Lycopodiella alopecuroides

Lycopodiella alopecuroides (L.) Cranfill
(from Alopecurus, foxtail grass, and Greek: -eides, -oides, like or having the form of, apparently in reference to the resemblance of the strobili to the seed heads of that grass, which superficially resemble a fox’s tail)

Local names: foxtail bog club-moss, foxtail club-moss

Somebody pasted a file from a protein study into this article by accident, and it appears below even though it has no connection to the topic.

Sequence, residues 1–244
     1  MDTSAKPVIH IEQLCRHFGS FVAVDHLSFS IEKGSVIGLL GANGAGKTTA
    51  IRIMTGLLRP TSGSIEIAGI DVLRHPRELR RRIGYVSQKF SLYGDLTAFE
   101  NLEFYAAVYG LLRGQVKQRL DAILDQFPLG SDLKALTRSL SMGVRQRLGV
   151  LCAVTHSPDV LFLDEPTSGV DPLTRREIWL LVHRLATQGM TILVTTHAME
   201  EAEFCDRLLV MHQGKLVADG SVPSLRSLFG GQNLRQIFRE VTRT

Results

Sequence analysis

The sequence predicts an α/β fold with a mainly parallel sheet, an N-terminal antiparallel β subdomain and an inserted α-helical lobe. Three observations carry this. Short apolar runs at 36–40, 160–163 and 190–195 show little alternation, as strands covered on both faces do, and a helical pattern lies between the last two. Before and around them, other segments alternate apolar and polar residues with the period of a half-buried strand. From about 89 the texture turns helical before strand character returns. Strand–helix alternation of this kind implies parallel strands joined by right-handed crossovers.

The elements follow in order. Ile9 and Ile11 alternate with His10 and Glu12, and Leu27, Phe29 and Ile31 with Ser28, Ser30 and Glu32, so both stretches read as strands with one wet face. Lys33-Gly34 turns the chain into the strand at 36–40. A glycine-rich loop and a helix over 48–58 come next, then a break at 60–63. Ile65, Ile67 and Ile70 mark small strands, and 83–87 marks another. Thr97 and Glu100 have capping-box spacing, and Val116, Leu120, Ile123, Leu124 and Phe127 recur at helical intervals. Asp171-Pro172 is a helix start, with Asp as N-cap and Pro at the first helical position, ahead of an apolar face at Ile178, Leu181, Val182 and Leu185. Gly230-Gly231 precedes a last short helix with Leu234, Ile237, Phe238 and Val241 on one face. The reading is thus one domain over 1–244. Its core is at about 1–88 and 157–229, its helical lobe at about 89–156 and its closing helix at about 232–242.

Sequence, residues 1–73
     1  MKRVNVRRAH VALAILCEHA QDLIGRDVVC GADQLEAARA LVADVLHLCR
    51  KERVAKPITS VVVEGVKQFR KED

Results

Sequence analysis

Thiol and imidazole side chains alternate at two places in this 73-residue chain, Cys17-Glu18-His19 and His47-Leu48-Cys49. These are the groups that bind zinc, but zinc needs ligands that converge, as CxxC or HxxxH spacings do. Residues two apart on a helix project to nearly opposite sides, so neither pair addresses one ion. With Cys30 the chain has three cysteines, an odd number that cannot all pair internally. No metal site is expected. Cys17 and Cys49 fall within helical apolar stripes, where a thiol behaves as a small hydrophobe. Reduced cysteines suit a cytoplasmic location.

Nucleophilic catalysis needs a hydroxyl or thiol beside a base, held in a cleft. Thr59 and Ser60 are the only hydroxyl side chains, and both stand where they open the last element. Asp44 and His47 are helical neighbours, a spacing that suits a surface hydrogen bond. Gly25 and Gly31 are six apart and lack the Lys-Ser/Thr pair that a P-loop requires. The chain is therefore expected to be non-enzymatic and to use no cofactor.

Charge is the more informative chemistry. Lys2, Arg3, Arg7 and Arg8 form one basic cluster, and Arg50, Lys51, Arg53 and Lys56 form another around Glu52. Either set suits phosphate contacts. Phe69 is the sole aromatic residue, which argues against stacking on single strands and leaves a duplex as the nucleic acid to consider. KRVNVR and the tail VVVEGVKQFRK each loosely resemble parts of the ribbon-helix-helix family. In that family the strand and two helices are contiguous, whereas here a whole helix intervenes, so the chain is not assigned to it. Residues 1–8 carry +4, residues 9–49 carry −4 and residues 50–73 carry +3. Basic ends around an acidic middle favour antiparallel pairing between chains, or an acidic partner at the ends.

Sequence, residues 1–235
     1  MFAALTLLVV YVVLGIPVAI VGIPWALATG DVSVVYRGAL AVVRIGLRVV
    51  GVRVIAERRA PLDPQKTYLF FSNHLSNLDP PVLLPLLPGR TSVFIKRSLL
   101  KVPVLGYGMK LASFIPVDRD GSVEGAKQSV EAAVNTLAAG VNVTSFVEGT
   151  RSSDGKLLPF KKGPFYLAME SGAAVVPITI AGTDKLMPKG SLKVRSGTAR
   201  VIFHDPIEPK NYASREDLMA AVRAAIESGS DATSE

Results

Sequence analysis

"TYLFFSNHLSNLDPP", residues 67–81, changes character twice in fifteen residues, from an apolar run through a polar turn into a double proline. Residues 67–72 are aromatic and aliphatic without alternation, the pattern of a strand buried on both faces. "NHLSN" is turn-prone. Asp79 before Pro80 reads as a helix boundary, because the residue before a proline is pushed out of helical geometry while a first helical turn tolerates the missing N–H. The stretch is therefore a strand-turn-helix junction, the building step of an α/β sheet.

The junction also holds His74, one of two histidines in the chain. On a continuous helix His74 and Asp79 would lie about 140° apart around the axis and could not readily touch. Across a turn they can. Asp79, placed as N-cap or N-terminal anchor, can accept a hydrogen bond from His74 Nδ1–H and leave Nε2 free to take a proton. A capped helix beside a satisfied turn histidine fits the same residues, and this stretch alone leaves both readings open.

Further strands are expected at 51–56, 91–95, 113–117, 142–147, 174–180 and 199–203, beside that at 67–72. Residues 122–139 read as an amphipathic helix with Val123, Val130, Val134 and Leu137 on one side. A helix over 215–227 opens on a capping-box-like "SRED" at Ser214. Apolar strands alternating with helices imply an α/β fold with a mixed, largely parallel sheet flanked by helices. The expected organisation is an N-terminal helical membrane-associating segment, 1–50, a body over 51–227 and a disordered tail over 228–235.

Horizontal stems longcreeping, arching, rooting at intervals, 2–4 mm in diam. (excluding leaves); leaves monomorphic, linear to linear-lanceolate, ca. 5–7 mm long, ca. 0.5–0.7 mm wide, with conspicuous marginal teeth, spreading to ascending; upright stems unbranched, (6–)10–30(–45) cm tall, densely covered with leaves; strobili 2–6(–11) cm long, 11–20 mm wide; sporophylls wide-spreading; 2n = 156 (Wagner & Beitel 1993). Wet places in savannahs, boggy areas in low open pinelands and seeps, in acidic soils; Hardin (Singhurst 2240, BAYLU), Jasper (Singhurst 3318, Singhurst, Bridges, & M. Pagoulat 14620, BAYLU, McRoberts & McRoberts 2903, TAES), Austin, Lamar, Newton, and Orange (Turner et al. 2003) cos., mainly Pineywoods; also Jefferson Co. in n Gulf Prairies and Marshes (Turner et al. 2003); in addition, the range map in Flora of North America (Wagner & Beitel 1993) has a locality mapped from c TX but we have been unable to confirm this location; e U.S. from NY s to FL w to AR and TX; also s Mexico and Cuba. Sporulating Jul–Nov. [Lycopodium alopecuroides L.] Lycopodiella alopecuroides has an interesting biogeography. It is one of a few species and numerous deciduous forest genera that occur broadly across the eastern United States as far west as TX and then reappear disjunctly in the mountains of Mexico and in some cases even in Guatemala; although its Mexican and Cuban occurrences may be the result of long distance dispersal, see page 37 for a different possible explanation of its occurrence in the highlands of s Mexico. This species can hybridize with L. appressa; two sheets at BRIT labeled as L. ×copelandii (Eiger) Cranfill. [L. alopecuroides × L. appressa] (Orzell & Bridges 5679, Jasper Co. and Bridges & Orzell 8584, Newton Co.), do seem somewhat intermediate between the two purported parents; however, they could be just unusual specimens of A. alopecuroides. TX populations represent the extreme sw occurrence of this species in the U.S. It is rare and of very limited distribution in the state. We thus consider it to be of conservation concern in TX. (TOES 1993: IV)

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